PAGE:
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New Analysis Finds Long-Lasting Benefits From Early-Childhood Education

Education Week – Christina Samuels

High-quality early-childhood programs boost graduation rates, reduce grade retention and cut down on special education placements, according to a new analysis of several other early-education research studies that adds fresh fuel to long-running policy debates about the effectiveness of pre-K. “These results suggest that the benefits of early-childhood education programs do in fact persist beyond the preschool year,” said Dana Charles McCoy, an assistant professor at the Harvard Graduate School of Education, in an email interview. McCoy was the lead author on the analysis, which was published Thursday in the journal Educational Researcher.”(more)

How young is too young for cellphones in school?

The Seattle Times – Donna St. George

It’s been a long time since cellphones arrived in the nation’s schools, but educators are still struggling with what to do about them. Should they be allowed in elementary schools? What about middle-schoolers using them at lunch? Which limits make the most sense for devices so ubiquitous? What has become a more settled matter for high-school students is sparking questions and controversy in lower grades, some two decades after portable phones became an inescapable part of the cultural landscape.”(more)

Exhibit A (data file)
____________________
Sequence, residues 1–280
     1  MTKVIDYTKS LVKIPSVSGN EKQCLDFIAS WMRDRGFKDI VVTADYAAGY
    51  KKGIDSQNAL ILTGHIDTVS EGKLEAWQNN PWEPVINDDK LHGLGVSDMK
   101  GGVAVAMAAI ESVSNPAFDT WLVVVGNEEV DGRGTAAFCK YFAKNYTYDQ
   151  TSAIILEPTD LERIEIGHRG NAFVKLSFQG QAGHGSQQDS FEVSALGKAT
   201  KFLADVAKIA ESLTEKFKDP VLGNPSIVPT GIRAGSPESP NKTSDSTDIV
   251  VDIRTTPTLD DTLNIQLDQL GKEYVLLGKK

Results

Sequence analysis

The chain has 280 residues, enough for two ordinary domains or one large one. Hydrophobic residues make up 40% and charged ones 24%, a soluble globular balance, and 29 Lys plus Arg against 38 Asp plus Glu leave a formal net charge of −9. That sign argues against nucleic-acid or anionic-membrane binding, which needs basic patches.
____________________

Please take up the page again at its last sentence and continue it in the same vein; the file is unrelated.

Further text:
The Global Search for Education: Hello Coding – When Did You Get So Cool?

Education World – Cathy Rubin

“Why were 600,000 high-paying tech jobs unfilled in 2015 in the United States alone, or is the better question: Is technology developing faster than humans can learn to handle it? According to the White House, by 2018, 51 percent of STEM jobs will be in computer science-related fields. However, the number of tech employees has not increased along with the number of jobs available. Why? The answer is simple: lack of relevant education. The White House maintains that just one quarter of K-12 schools offer high-quality computer science with programming and coding. In addition, in 2016, the PEW Research Center reported that only 17% of adults believed they were “digitally ready.”(more)

Squanto’s gift: A Thanksgiving science lesson

Education World – Gary Hopkins

“It is said that Squanto taught the Pilgrims much about growing crops in the soil at Plymouth. Since fish were plentiful in the area, Squanto showed how fish could be used to fertilize the seeds the Pilgrims planted. In this activity, students will see firsthand the effects of “Squanto’s science lesson.”(more)

In the face of natural disasters, let’s not forget the mental health needs of the kids

The Hill – Aaron Sawyer, Julie Kaplow, Kristin Moore, and Diana Fishbein

“In 2017, the United States sustained direct hits from some of the strongest hurricanes on record, affecting millions of children and families in Texas, Puerto Rico, Florida and the U.S. Virgin Islands. Reconstruction of the ravaged areas will continue for years. Hidden among the debris are two critical facts. The psychological trauma and grief caused by these disasters will almost certainly persist beyond federal support for survivors, which tends to dry up shortly after the waters recede.”(more)